Area youngsters get a feel for reptiles in zoo’s library demonstration

The Blue-Tongued Skink was one of several Reptiles on hand during “Leapin’ Lizards” Monday at Clovis-Carver Public Library. The program was a hands-on program by the zoo to teach kids about amphibians and reptiles. (Staff photo: Eric Kluth)

By Ryn Gargulinski: CNJ staff writer

When Clovis’ Becky Huerta was a little girl, she said she brought home a wagon load of frogs and dumped them in her mother’s bathtub.

Her mother was not in the tub at the time, but that didn’t stop her from screaming when she discovered the romping amphibians.

Huerta said one of her sons has inherited her fascination with critters.

“Jayce brings home bugs, frogs, reptiles … you name it,” she said. “He gets it from me.”

Jayce Huerta, 6, his brother Jacob, 11, and Becky Huerta were among dozens on hand at Monday’s Leapin’ Lizards demonstration at the Clovis-Carver Public Library.

Clovis zoo curator Mark Yannotti and zookeeper Mike Burns brought the honored guests, most of whom had scaly skin and tails.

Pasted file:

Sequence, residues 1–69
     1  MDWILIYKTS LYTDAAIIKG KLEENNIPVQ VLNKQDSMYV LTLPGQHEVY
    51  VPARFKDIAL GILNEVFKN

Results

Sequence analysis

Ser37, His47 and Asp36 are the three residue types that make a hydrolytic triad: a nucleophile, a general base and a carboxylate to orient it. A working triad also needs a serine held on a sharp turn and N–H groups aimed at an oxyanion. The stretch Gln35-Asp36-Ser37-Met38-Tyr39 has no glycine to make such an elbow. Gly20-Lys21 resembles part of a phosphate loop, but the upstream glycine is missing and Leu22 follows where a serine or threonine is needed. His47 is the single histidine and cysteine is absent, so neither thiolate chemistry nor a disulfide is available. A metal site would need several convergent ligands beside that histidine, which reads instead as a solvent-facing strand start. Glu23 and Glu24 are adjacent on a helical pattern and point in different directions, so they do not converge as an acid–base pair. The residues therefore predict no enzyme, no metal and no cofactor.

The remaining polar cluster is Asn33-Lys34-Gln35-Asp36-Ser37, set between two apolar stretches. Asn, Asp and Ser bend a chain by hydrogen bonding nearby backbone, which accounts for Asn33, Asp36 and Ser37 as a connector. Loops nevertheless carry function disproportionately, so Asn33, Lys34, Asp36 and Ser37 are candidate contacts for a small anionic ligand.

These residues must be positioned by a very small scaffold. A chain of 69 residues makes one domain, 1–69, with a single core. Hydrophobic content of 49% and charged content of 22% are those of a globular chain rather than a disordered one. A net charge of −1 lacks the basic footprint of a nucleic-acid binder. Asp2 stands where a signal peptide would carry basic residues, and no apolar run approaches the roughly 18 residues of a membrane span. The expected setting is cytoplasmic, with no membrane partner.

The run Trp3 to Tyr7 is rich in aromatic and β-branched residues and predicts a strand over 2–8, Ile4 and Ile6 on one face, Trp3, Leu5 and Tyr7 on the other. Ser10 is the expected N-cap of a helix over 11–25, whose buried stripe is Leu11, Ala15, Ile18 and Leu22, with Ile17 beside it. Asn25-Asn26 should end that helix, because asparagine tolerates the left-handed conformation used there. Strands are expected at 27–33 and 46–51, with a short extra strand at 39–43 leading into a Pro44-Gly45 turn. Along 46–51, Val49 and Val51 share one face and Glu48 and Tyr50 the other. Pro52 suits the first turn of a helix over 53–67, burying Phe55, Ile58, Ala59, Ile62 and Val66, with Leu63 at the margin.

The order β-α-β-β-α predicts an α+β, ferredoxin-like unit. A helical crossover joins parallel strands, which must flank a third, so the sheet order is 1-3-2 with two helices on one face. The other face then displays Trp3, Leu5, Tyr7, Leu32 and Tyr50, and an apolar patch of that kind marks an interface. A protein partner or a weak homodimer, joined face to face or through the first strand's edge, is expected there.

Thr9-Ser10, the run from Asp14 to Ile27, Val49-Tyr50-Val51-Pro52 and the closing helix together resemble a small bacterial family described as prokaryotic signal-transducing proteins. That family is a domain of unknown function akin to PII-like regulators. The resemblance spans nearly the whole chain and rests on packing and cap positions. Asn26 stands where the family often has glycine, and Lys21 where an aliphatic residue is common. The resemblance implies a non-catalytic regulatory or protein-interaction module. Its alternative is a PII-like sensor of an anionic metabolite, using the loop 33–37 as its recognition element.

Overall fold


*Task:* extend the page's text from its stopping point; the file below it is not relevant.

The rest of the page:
As Yannotti spoke of the care and caution needed for reptiles and amphibians, a slimy tree frog squirmed from his hands, a sophisticated skink stuck out its blue tongue, and Yanotti’s wrist became coiled in a slinky snake.

The children could touch the snake — if they wanted to.

“It feels like my leather jacket,” said Nate Carter, 12.

“It’s just like a baby’s skin with some bumps,” said Amanda Pratt, 9.

Others found the lizards the coolest, especially Yannotti’s favorite part of the presentation — Joanna, the Nile monitor.

“It gets my adrenaline going to walk her around the room,” Yannotti said of the 2-foot beast. “I always have to bring one that’s big and bad.”

One youngster expected to see creatures even bigger and badder.

“She wanted to come because she thought there’d be an elephant,” Sarah Struthers said of her daughter Melissa Struthers, 3, who attended the event with her brother, 5-year-old David Struthers. Melissa Struthers promptly forgot about the elephant, however, when confronted with the snake, which she said she liked because it was beautiful.

Others were more enamored with the frog or the tortoise, like 9-year-old Emmaly Fogerson whose favorite animal is the turtle.

“My mom gets me turtle things, like a turtle beanbag and a turtle pillow,” Emmaly said.

Although reptiles and amphibians are notoriously quiet — save for the telltale warning of the rattler — the room did erupt in yelling and laughter when Yannotti walked around with a python.

“See how much noise a snake can make,” he said.